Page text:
Historian and journalist Lael Morgan wrote about Ray Wise’s work in her book Eskimo Star: From the Tundra to Tinseltown, the Ray Mala Story (Epicenter Press, 2011): “The assignment required focusing the camera manually by estimating the distance from subject to lens and moving the focal distance markings on the barrel. This had to be done without looking through the viewfinder, which was the domain of the head cameraman. Few possessed that skill, but LaVoy had claimed Wise was a natural, and the would-be hire quickly proved himself. In fact, Wise had already mastered the difficult ‘feather focus’ which made distance shifts unnoticeable. He was as unobtrusive as he was efficient at placing marks on the floors of sets so actors would know where to stand. And he also did well as second cameraman, shooting negatives for the European market.”
Ray Wise worked in acting roles and as a cameraman in films over the next few years, and in 1932 he landed a leading role in the silent film Igloo for Universal Pictures. When that film was a success, he was cast in the lead role of Mala—a name he would later make his own—in MGM’s blockbuster Eskimo, directed by W. S. Van Dyke and billed as “the biggest picture ever made.” The movie premiered at the Astor Theatre in Times Square, New York City, in 1933, with a blazing marquee of 70,000 light bulbs. The New York Times called it “a remarkable film,” and Ray was suddenly a star. At the Academy Awards that year the movie won the first Oscar for Best Film Editing.
The next leading role was in Last of the Pagans (1935), filmed on location in Tahiti, followed by The Jungle Princess (1936), which launched Dorothy Lamour's career. Ray played the lead in Republic Pictures' Robinson Crusoe of Clipper Island (1936) which was one of the first serials the studio made, and he shared top billing with Herman Brix in Republic's Hawk of the Wilderness (1938). Over the next fourteen years Ray Wise—who adopted the last name Mala after his role in Eskimo— made films with stars such as Joel McCrea, Randolph Scott, Douglas Fairbanks, Jr., Iron Eyes Cody, Gary Cooper, Olivia de Haviland, Tyrone Power, Charles Laughton, Gene Tierney, Betty Grable and many others. He went on location as a cameraman on films by directors such as Cecil B. DeMille, Otto Preminger, and Alfred Hitchcock, and became Hollywood’s most famous indigenous actor and cameraman.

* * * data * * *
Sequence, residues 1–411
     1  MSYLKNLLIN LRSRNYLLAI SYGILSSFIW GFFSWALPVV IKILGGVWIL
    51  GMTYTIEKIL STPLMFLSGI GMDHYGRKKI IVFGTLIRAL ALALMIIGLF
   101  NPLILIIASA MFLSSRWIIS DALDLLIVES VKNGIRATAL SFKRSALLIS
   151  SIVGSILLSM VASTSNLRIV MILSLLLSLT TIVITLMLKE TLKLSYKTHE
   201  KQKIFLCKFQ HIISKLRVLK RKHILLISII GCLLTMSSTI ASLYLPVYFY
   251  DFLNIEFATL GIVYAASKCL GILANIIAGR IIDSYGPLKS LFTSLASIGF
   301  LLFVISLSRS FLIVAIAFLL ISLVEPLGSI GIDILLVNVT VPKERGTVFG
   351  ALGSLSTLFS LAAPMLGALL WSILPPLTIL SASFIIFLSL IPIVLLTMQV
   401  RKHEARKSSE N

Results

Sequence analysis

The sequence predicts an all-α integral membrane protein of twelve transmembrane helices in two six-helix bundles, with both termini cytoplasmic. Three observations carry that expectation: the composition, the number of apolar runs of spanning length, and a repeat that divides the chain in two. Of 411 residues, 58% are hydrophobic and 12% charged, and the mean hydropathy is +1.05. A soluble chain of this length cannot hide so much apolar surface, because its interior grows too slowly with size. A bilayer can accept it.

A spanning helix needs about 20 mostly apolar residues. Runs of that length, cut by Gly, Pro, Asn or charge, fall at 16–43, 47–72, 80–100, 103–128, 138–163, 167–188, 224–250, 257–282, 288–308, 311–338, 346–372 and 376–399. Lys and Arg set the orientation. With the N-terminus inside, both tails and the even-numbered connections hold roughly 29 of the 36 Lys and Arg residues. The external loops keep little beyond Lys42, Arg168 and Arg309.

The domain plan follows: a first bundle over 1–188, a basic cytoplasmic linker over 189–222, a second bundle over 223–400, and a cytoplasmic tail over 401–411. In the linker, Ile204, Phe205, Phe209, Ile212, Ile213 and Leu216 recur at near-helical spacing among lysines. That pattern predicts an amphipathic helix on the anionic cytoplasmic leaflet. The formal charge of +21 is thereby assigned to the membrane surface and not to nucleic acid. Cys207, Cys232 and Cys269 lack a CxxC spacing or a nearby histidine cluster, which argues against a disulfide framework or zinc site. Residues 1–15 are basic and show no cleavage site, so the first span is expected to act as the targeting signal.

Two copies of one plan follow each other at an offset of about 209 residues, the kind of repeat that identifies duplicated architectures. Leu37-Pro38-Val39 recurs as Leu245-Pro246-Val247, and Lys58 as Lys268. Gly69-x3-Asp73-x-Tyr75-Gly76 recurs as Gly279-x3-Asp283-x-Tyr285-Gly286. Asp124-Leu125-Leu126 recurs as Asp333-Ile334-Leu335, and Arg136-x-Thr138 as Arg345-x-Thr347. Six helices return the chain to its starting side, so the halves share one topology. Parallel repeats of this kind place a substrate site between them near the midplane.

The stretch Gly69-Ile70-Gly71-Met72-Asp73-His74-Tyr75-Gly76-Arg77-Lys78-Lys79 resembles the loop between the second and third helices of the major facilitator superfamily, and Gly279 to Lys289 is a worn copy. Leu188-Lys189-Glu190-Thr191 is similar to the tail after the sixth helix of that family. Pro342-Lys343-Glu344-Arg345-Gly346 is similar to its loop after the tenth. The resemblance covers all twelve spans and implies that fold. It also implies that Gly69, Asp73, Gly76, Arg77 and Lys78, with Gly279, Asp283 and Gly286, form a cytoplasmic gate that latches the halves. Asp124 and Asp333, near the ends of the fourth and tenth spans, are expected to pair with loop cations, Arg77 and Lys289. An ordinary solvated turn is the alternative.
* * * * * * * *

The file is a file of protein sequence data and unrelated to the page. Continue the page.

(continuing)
In 1932, near the end of filming Eskimo, Ray married a longtime friend from Alaska, but the relationship was short-lived. In 1937 he and a young actress and dancer, Galina Liss, eloped across the border, and nine years later, in 1946, a son, Theodore, was born to the adoring couple. It was a golden time in Hollywood, and the Mala family was happy and joy-filled.
Ray Mala—he often dropped ‘Wise’ from his name—continued working on films, making over twenty-five in his thirty years in Hollywood. He was working on a new film in Mexico when he collapsed, and less than a month later unexpectedly passed away in a Los Angeles hospital at the age of 45. His wife Galina died less than a year later, leaving their six-year-old son Ted an orphan.
Ray and Galina’s son would grow up, graduate from Harvard University, and return to Alaska to become a respected physician in Anchorage. In 2018 Dr. Ted Mala spearheaded the return of his parents’ remains to Alaska, for reburial in the Anchorage Memorial Park Cemetery.
In 2008, to celebrate the 50th birthday of "The Last Frontier,” Time magazine selected Ray Wise Mala as one of the state’s Top Ten Most Memorable Alaskans.
• Wikipedia entry for Ray Mala
• APRN Interview with author Lael Morgan
• Time: Alaska Top Ten
• KTUU news video: Reburial